Modern homo sapiens evolved around 200,000 years ago and lived mainly as hunter-gatherers. They mostly led nomadic lives moving from place to place in search of food. Their bodies had evolved to make them efficient hunter-gatherers and this continued for thousands of years.
Changes in the hunter-gatherer way of life began only recently with respect to our entire evolutionary history, around 10,000 years ago when agriculture was invented. Then people began to settle along fertile lands and river valleys.
Few hundred years ago, a more dramatic change occurred in the way of life of humans occurred when the industrial revolution began.
But these changes, significant as they were, form only a small part of our entire evolutionary history. We have spent more than 95% of our evolutionary history as hunter-gatherers. Our bodies and brains are designed to function in a hunter-gatherer type of environment.
Whenever there’s a significant change in the environment that alters an organism’s mode of procuring food and reproduction, it is forced to evolve to become better-suited to its new environment. This is known as selection pressure.
The selection pressure of agriculture or industrial revolution did change the way we procured food but it had little impact on our reproduction, which is a more important factor than survival in the evolution of species.
In other words, agriculture and industrial revolution are fairly new events in our evolutionary history that have had little influence on our ability to reproduce. Hence, these events have not had a significant influence on the further evolution of homo sapiens.
Even if they did influence human evolution somehow, creating some sort of imperceptible selection pressure, the changes will only manifest in the population after thousands of generations because evolution is typically a slow process.
Thus, barring some primitive societies, most of us are stuck with Stone Age brains and bodies in a modern, industrial environment. Our evolved psychological mechanisms are designed to work in the context of a hunter-gatherer environment.
The implications of this can be seen in our food preferences and physical activity.
In the hunter-gatherer environment, food was scarce and hard to obtain. Hunting was a difficult, risky and unpredictable task. To gather fruits and other edible stuff from the plants, our ancestors had to constantly move from place to place because this source of food became unavailable in winter.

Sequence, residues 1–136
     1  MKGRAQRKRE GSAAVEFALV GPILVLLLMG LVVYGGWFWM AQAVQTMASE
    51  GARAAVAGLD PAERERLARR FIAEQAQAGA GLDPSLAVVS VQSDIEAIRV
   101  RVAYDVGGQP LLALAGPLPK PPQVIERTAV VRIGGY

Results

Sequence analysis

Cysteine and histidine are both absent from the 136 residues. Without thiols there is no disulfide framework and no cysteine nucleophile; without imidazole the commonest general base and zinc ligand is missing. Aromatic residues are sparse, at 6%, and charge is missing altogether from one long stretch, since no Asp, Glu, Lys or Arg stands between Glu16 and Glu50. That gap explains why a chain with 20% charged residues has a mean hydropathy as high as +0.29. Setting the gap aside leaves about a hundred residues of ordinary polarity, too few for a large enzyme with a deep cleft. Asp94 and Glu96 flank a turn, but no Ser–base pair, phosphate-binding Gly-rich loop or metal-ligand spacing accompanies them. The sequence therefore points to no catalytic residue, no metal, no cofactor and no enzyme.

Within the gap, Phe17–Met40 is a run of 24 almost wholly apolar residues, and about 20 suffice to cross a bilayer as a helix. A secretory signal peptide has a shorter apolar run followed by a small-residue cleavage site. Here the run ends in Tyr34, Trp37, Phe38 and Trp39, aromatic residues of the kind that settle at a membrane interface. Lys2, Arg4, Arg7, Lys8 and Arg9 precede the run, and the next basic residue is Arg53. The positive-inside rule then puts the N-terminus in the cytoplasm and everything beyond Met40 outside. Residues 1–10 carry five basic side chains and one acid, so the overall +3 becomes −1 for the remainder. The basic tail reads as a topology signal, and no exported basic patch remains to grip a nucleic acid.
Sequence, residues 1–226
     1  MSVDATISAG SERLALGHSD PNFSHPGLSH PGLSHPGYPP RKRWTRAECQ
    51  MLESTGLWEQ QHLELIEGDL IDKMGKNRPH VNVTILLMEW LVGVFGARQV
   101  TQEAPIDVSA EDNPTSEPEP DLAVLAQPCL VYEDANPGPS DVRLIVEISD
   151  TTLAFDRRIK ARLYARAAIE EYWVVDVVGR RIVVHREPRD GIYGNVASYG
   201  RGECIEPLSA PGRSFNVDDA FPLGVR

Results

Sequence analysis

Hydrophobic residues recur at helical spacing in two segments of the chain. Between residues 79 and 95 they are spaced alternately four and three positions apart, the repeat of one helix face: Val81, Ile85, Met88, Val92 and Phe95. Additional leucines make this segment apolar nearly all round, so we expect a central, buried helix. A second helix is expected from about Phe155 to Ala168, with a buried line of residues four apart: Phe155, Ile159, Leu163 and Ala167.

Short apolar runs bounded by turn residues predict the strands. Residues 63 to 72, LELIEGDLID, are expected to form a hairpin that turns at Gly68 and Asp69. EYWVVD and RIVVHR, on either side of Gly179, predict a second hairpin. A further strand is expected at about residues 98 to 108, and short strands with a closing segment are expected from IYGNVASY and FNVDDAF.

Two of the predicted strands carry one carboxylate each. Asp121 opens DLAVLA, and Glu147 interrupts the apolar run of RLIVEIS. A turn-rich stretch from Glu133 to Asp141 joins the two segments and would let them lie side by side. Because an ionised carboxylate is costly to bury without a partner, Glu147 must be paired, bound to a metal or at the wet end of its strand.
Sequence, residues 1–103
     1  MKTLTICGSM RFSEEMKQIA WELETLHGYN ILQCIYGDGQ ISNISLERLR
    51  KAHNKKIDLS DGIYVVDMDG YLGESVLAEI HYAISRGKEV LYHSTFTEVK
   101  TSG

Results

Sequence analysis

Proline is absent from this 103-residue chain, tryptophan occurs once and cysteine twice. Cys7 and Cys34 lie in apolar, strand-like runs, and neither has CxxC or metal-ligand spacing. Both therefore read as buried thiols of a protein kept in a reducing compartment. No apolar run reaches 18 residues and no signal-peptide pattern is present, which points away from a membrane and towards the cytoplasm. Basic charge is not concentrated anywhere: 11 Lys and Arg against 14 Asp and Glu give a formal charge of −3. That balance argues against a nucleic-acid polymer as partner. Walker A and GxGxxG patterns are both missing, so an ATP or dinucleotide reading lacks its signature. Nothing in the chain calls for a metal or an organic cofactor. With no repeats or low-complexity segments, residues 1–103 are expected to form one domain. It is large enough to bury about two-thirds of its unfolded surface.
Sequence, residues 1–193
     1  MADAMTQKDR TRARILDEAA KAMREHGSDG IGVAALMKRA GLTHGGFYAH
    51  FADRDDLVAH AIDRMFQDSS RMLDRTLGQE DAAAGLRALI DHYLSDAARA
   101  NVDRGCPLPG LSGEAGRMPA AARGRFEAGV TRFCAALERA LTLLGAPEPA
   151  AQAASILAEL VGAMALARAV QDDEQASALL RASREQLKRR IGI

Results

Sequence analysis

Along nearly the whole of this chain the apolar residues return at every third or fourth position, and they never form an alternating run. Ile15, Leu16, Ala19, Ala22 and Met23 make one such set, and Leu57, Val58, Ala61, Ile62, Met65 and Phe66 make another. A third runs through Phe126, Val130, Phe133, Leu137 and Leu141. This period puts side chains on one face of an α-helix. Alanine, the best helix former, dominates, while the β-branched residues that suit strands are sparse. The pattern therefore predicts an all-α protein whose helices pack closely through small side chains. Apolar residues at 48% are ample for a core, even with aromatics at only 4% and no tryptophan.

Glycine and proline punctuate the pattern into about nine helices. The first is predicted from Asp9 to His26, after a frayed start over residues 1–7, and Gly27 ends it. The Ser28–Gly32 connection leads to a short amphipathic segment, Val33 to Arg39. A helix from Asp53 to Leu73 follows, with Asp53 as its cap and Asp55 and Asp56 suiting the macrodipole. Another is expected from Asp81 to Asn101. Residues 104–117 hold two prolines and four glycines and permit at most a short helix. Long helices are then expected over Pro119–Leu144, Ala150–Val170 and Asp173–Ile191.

Thus our bodies evolved a strong liking for carbohydrates and fats. Carbohydrates provided instant energy and were a boon to the nomadic people who were always on the move and needed quick sources of energy.
Fats, on the other hand, had an even more important function. They allowed our ancestors to store food in their bodies for long periods of time.
In today’s environment, carbohydrates and fats pose a risk to our health. We don’t move as much as our ancestors did and the food is available throughout the year. Today, excess carbohydrates can lead to metabolic syndrome and diabetes while excess fats can clog our arteries and give us a heart attack.
Though our life expectancy has increased compared to that of our ancestors, most of us are not nearly as physically active as our ancestors were. Inactivity increases the risk of muscle atrophy and various cardiovascular conditions.
Our ancestors who invented agriculture surely must have chilled out and lazed around every once in a while but they still had to do the strenuous physical work of sowing the crops and harvesting them.
When the industrial revolution came, machines replaced human labor to a great extent and physical inactivity really started to make its way in the day-to-day lives of humans. With the technological explosion of the last century, lack of physical activity has now become a norm. Obesity is on the verge of becoming a global epidemic.
Regular physical exercise goes a long way in maintaining our health and fitness. Our bodies are designed to be physically active and not sit in a chair all day.
Hanan Parvez (M.B.A., M.A. Psychology) has written 300+ articles at www.psychmechanics.com, a blog with over 3 million views and 100k monthly visitors. His work has been featured on Forbes, Business Insider, Reader’s Digest, and Entrepreneur.